I think this is something that Ray Bradbury and I could agree on if we were to meet for a coffee someday.  Ideas and the art forms that spread them are important.  One of the reasons that science fiction has been so successful is precisely because it has not been taken too seriously.  It’s been a way for one intelligent sector of society to communicate serious ideas to one another in the midst of a rather anti-intellectual society.  Look at Gene Roddenberry, hiding racial equality ideas in plain sight in Star Trek, where it could be claimed “it’s just fiction” if necessary.  And the bigots of the world can be convinced that art is unimportant and unthreatening, although we all know that it is great ideas, not hatred, that transform the world.
            I also think fondly of another of Bradbury’s novels, Fahrenheit 451, which celebrates the written word (and which I read just recently).  This book blew me away, acknowledging as it does the place of literature, art, music and the appreciation of nature as things to be pursued, cherished, remembered and protected.  Bradbury became a prophet to me, having created a society in which people surrounded themselves with giant television screens and watched incomprehensible reality shows which were programmed to insert their names at points in the script.  “The Family.”  Everyone was working to afford four such screens in order to surround themselves with unreality.  Don’t tell Hollywood—I think they’ve got us halfway there already!  But surely they can’t program us to prefer empty crap to real ideas?  Can they?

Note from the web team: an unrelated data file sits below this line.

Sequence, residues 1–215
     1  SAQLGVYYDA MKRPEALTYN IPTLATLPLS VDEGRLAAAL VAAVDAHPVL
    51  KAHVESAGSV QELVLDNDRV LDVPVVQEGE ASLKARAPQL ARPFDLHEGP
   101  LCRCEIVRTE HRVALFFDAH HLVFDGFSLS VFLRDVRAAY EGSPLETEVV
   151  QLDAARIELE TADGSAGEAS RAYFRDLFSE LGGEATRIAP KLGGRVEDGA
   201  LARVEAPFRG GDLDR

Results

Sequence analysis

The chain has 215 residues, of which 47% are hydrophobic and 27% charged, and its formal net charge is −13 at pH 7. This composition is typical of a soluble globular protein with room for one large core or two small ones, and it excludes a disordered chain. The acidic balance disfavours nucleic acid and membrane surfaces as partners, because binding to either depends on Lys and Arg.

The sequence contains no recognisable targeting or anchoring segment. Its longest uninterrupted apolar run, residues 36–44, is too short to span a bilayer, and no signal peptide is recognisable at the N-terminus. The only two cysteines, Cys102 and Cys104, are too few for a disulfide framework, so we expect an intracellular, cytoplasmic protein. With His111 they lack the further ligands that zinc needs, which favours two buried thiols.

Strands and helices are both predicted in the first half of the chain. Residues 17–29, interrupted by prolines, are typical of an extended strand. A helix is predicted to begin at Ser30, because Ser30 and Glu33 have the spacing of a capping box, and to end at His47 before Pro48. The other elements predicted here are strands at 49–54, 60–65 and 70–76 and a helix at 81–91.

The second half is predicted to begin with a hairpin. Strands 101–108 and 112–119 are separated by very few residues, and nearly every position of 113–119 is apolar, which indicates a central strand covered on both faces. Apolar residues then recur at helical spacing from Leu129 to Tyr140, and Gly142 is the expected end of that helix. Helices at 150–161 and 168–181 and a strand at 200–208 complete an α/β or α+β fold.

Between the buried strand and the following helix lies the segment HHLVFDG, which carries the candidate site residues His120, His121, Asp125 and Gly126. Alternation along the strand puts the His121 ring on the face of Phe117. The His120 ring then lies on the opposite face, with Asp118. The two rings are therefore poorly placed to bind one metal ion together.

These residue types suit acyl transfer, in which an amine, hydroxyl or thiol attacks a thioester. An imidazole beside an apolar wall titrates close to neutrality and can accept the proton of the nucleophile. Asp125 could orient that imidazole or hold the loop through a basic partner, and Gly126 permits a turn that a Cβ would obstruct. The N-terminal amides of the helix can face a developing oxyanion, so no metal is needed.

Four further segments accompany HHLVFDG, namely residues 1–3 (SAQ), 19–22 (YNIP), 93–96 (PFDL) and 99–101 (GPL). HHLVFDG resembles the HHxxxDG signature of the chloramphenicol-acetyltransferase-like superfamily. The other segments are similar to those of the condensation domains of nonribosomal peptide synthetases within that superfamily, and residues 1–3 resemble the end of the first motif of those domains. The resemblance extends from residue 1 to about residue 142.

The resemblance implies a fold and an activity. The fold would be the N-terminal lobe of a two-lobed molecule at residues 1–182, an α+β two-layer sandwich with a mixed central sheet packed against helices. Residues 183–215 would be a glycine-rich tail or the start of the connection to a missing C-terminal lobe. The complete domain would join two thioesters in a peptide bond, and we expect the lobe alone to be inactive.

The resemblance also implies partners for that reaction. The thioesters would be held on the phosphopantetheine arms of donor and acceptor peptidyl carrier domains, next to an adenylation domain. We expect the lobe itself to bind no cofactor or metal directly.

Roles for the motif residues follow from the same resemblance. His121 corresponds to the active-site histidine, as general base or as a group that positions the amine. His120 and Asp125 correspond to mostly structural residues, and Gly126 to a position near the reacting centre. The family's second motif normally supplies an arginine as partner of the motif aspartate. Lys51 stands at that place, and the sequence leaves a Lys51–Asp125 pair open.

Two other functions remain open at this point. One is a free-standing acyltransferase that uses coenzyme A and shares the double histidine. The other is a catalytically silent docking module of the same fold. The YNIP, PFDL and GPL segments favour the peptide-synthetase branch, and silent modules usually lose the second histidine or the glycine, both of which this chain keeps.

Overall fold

Actually, if you judge the importance of a book by its impact on your life, Fahrenheit 451 came at just the right moment to influence one of my own choices, that to do without television.  When read in succession with George Orwell’s 1984 and Aldous Huxley’s Brave New World, these three books can cause a person to stare suspiciously at her television!  However, I am comforted that since disconnecting my cable, no helpful comrade has shown up at my house to assist me to get reconnected!  It’s been four months now and I think I have escaped from the cultural brainwashing!
            SWTWC reiterates some of the key ideas in Fahrenheit—and adds humour and the ability to laugh to the arsenal of the good people of the world.  Laughter is the silver bullet that finally defeats the evil of the tale, although it is assisted along with way by literature and friendship.  The weapons of the intelligent, reasoning few against the torrent of intolerance, misinformation and mind-numbing tripe produced and marketed as entertainment, or worse, as news.